The highly anticipated final installment of the "Star Wars" saga is producing out of this world numbers at the box office.
The movie reached $40 million in ticket sales within the United States and Canada on Thursday night, making it the fifth-highest domestic opening night of all time, according to estimates from distributor The Walt Disney Company.
Previews began Thursday at 5 p.m. in 450 theaters for special fan event screenings with a further nationwide break at 6 p.m. Skywalker will be in 4,406 theaters by the weekend, the most theaters any December release has opened in.
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The saga that began with George Lucas's vision of a space opera in 1977 has proven a smart investment for Disney, which acquired the franchise along with Lucasfilm for $4 billion in 2012. “Star Wars: The Force Awakens,” the first installment under the leadership of CEO Bob Iger, became the fastest movie to reach $1 billion in box office sales in 2015.
Some fans have attacked the storylines for failing to achieve the human appeal and on-screen chemistry of the first three "Star Wars" films, which hit theaters from 1977 through 1983. Similar criticisms greeted the second trilogy, which began with "The Phantom Menace" in 1999.
What differentiates the last three films is that they shift away from the heroes and villains of earlier installments, featuring a more diverse cast and focusing on a female protagonist, Daisy Ridley’s Rey.
The backlash is no surprise to director J.J. Abrams, especially since the new film — which he calls the “aftermath of Luke Skywalker and his sister, Princess Leia," marks the end of a cycle that began 42 years ago.
"There are some people who, in this age of outrage, need to be vitriolic and hurtful, and that’s not right,” said Abrams, who returned to the director's chair after directing "The Force Awakens," this latest trilogy's first installment.
Abrams also co-wrote "Rise of Skywalker" after handing over the reins to Rian Johnson for 2017′s “The Last Jedi,” the second part of the trilogy and a blockbuster that received mostly positive reviews from movie critics but remains divisive among hardcore fans. But the third edition has fans split.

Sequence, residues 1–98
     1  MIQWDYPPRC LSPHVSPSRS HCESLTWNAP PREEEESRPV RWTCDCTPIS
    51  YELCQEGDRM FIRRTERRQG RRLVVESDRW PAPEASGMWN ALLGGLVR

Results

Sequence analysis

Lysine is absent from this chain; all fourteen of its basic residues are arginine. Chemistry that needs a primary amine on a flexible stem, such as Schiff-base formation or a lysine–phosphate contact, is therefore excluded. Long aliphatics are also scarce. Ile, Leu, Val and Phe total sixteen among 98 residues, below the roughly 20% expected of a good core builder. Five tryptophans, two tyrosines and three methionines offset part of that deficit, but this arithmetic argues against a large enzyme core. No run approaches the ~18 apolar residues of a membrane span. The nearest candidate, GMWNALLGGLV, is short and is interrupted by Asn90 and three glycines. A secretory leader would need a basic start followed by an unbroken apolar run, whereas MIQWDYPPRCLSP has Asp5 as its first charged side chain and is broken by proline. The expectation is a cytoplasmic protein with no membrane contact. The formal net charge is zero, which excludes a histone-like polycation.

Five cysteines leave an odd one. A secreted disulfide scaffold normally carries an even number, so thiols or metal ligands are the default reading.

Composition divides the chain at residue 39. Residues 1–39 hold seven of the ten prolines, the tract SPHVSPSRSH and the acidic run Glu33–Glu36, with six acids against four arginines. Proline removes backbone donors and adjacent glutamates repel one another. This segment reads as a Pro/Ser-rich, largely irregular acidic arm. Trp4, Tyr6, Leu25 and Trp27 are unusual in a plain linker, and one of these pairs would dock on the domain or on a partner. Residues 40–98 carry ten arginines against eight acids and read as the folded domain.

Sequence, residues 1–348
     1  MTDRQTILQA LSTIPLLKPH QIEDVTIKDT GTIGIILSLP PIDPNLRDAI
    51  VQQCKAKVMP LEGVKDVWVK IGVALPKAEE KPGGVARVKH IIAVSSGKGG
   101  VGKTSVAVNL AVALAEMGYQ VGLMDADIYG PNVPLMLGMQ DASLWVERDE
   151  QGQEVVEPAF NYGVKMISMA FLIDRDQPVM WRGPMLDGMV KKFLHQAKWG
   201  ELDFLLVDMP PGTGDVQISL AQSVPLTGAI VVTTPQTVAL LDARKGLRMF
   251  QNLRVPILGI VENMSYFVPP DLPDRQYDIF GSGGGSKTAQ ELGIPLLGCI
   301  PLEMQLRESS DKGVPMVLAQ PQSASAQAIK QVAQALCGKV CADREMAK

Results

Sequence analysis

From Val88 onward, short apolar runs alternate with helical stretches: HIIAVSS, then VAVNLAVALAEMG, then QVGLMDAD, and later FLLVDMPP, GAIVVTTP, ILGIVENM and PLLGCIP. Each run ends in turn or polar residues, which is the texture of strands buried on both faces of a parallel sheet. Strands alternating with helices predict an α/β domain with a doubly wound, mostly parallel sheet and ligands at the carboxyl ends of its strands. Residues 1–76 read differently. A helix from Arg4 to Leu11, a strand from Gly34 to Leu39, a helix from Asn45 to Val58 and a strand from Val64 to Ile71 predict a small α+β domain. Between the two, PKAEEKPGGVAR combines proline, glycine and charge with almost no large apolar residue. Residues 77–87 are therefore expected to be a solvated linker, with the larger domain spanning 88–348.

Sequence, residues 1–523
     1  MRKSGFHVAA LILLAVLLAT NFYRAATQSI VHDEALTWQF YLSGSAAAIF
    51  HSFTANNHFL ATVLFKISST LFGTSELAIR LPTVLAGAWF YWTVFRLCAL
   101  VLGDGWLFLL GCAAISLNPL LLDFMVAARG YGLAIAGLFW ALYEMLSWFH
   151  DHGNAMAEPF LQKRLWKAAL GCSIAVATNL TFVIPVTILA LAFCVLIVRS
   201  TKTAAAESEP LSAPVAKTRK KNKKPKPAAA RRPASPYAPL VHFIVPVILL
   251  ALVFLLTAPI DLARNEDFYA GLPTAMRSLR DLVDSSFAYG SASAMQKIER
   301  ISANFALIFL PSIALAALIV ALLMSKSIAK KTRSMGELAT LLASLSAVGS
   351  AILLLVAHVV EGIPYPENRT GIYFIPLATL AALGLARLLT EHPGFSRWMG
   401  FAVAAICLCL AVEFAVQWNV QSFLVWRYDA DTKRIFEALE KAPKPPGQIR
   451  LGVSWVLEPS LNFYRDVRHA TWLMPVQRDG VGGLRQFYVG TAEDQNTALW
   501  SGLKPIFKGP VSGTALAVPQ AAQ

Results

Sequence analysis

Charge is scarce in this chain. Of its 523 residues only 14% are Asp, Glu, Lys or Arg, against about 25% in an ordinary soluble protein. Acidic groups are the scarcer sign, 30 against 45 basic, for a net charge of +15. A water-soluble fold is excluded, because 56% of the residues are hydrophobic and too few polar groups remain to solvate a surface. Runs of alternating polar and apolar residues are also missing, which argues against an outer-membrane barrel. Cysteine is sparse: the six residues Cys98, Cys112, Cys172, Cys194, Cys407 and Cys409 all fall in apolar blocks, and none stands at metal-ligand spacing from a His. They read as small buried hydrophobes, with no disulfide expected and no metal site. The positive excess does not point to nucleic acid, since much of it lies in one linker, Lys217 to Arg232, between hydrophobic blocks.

"I’m glad someone else likes it! I logged back in all excited to talk about it and everyone is soooo mad," one user wrote in response to a Twitter rave from Chinese-Canadian actor Simu Liu.
Indeed, "mad" reactions inundated the Twitter-sphere in the early morning hours of Dec. 20.
"STAR WARS: RISE OF SKYWALKER was a mess," one user wrote.
"The nicest thing I can say about 'Rise of Skywalker' is I'm not even mad because at about the midway point it became so stupid that it was literally impossible to care about anything that was happening," said Jenny Nicholson, a "Star Wars" aficionado and social media influencer whose YouTube channel has 459,000 followers.
A longtime “Star Wars” fan himself, Abrams "gets" that fans are passionate. But he draws the line at comments attempting to demoralize the film’s cast or production crew, behavior he says is a societal issue.
“That in no way is a “Star Wars” phenomenon,” Abrams said. “That is a cultural phenomenon. If you’re not in the right political party, you’re against us. If you’re not doing exactly what they want, then you’re an abomination. It’s sort of par for the course in everything right now.”
"A satisfying end to the story," one Twitter user wrote. "So good I already want to see it again."
Producers successfully overcame the challenges of working with a four-decades-long franchise that has developed a fierce fan base, said another: "I enjoyed Rise of Skywalker. Level of difficulty on this was high, finish something that started 42 years ago and has changed hands many times."
The Associated Press contributed to this report.